© Copyright Chris and Kerrie Jones 2018 All rights reserved
At Koramba Farm, cotton irrigation is now in full swing and the camp routine has settled back into a more orderly manageable routine after the grain harvest when the camp was bedlam – jam-packed full of backpackers, harvesters and experts rebuilding some irrigation systems.
Crop dusters are constantly landing and taking off from the airstrip starting at 3 or 4 am as they battle to keep the million-dollar cotton crop free of insects that could destroy the lot.
Yesterday one of these crop dusters hit a head ditch at the end of a field ripping his landing completely off the plane. The pilot managed to fly back to the airstrip and at 4:00 am and belly landed the plane successfully with no injuries.
This was after another incident earlier in the week just across from another farm we’ve worked on where the plane clipped the power lines and crashed in the cotton field critically injuring the pilot.
These blokes really know their stuff and have nerves of steel.
Another cropduster crashed last week in Gundy.
Fiona has taken two weeks off to spend time with her family and get prepared for taking over the cooking position when we leave tomorrow to head to Brisbane in preparation for my radium treatment.
It’s hot – super-hot and it appears there’s no respite from the heat anywhere, even in our precious caravan with the air conditioner on full! The kitchen temperature rises quickly to the late 40º’s early 50°’s once the ovens and Bain Marie are turned on and throw in the repeated hot flushes and the body just cries out for COLDNESS.
The long Christmas and New Year period has finally drawn to a close. This is always a rather testing stretch for us as the heat and the backpackers (especially the few “Needy” and demanding ones) make the stretch seem a long one.
One thing that’s helped this year was having Ashley, Lish and our wonderful grandkids, Riley and Charlotte living on the farm. They’ve moved into their beautiful home here and it was such a delight to hear Lish tell us last night that she feels totally at home.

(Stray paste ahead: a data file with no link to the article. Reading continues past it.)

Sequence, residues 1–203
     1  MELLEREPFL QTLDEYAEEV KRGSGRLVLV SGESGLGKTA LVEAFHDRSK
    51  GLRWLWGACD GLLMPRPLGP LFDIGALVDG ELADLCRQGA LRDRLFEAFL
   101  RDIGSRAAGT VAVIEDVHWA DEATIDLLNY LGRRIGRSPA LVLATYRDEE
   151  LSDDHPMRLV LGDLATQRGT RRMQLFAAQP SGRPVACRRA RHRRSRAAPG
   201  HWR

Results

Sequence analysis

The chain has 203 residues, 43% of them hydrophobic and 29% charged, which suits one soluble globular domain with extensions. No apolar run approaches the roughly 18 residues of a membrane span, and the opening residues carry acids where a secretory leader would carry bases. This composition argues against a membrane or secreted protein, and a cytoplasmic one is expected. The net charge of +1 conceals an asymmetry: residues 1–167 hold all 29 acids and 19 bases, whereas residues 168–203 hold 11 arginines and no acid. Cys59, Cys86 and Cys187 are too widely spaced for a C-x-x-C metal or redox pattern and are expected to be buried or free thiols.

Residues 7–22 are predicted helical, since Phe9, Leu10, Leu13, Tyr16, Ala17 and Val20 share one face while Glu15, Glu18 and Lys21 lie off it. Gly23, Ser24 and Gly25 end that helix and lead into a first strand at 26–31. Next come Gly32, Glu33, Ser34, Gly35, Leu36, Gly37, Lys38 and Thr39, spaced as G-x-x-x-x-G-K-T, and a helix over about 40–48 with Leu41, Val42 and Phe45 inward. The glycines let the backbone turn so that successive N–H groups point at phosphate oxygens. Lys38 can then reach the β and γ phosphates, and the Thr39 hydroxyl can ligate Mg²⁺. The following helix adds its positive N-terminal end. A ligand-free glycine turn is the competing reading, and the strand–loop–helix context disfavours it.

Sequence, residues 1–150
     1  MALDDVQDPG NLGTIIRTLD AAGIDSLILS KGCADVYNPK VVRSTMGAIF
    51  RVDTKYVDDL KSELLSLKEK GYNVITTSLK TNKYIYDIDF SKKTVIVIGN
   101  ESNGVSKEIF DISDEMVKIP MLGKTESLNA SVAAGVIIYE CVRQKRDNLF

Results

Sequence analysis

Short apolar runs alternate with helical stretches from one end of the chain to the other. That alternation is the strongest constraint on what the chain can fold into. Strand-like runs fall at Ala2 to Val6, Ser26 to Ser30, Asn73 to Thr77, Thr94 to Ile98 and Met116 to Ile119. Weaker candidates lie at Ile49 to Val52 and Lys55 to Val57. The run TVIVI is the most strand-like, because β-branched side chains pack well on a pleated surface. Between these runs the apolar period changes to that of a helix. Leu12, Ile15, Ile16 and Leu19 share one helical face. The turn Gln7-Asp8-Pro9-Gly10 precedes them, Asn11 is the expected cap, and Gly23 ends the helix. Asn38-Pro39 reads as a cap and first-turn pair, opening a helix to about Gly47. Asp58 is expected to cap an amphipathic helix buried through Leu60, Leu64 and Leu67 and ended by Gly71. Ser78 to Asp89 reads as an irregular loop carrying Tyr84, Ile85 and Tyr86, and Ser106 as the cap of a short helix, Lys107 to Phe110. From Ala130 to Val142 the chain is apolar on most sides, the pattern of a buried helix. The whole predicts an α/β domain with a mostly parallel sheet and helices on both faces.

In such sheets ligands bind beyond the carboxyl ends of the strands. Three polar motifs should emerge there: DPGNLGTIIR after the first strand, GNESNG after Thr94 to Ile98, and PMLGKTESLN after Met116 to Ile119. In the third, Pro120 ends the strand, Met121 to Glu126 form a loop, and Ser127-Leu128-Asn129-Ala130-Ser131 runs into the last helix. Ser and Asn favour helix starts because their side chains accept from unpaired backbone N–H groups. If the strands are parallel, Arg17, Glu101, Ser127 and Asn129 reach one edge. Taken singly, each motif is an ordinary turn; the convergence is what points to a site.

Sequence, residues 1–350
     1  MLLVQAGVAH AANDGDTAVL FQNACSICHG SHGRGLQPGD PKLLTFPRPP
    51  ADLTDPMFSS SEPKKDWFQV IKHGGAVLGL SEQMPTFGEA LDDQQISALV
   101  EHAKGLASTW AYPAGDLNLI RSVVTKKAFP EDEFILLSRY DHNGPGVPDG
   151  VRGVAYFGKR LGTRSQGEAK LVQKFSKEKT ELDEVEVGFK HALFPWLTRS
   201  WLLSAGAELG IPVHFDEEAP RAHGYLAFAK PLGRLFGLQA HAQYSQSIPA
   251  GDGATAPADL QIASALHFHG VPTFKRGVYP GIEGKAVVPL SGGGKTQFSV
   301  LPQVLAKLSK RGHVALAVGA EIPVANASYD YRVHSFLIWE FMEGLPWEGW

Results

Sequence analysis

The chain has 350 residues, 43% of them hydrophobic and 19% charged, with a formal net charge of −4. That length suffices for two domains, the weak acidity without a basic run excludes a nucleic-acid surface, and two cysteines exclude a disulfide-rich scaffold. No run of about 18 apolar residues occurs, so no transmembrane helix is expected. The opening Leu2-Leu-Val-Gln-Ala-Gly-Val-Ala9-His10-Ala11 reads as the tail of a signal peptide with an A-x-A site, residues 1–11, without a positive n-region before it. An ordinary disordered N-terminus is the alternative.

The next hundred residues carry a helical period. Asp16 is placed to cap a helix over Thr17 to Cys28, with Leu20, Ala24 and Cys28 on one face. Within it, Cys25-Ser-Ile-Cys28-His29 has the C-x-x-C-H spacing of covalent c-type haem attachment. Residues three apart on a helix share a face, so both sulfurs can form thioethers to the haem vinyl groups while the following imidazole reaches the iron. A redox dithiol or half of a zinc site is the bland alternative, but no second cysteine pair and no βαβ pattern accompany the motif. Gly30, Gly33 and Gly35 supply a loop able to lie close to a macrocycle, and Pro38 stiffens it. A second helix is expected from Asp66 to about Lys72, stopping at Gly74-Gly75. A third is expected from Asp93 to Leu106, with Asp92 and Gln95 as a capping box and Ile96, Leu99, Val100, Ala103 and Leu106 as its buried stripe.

We were expecting her – a city girl – to take a while to really settle in but she’s slotted right in and she seems genuinely happy, excited and motivated about their future.Ashley wanted to propose to Lish at Christmas so Ash, Kerrie and Lish’s sister conspired to secretly get the engagement ring that Lish had chosen from Brisbane out to the farm in time for Christmas. Unfortunately, their efforts failed but the ring did get to the farm a few days later. Ashley (in a rare romantic moment) took Lish down to the river for a swim and on a sweltering New Year’s Eve proposed to her after which she accepted his proposal.
It’s a real thrill for me to watch Ashley work over at the workshop (I can often see him from the office window). He’s seldom found without a grin and loves working on the variety of machinery he gets to operate daily.
Today he’s fixing the brakes on the Mack truck, yesterday servicing a Landcruiser and tomorrow possibly repairing a huge pump. He’s in his element, even in the heat.
I’m very proud of him.
But now we are on our final day at the farm!
Throughout the last few weeks I’ve been rather excited to move on and get the next part of the adventure started, but today – I’m not sure.
Everything I do today reminds me it’s the last time – cooking breakfast, placing orders, clearing and cleaning, cooking dinner.
This place has been such a huge part of us for five years. We’ve learnt so much about life here (and about ourselves) and we’ve grown to love the place and deeply respect all the people involved with keeping it running.
My little office seems somehow a sad place today after I’ve spent so many happy hours here designing our software. Even the mess and kitchen that we’ve played such a large part in operating seems sort of forlorn today.
It’s strange to see Fiona’s caravan under our annex that has provided shelter for our precious home for so long and under which I would sit on the swing seat at night after work with a glass of scotch and marvel at the stars and the moon.
I realise how much I’ll miss driving around the farm and seeing the magnificent green of the young cotton, the shining gold of the grain and the glistening water channels and dams that make me marvel at the engineering that created them.
I look at the camp garden with its ripening grapes and flourishing fruit trees and I remember the hours of toil and sweat that went into carving that garden out of the bush and I recall the huge quantity of vegetables it rewarded us with.
Every tree around the camp speaks of the efforts in sawing, trimming and clearing and I would like to think that at least this small corner of the 38,000 acres that make up Koramba is better for us having been here.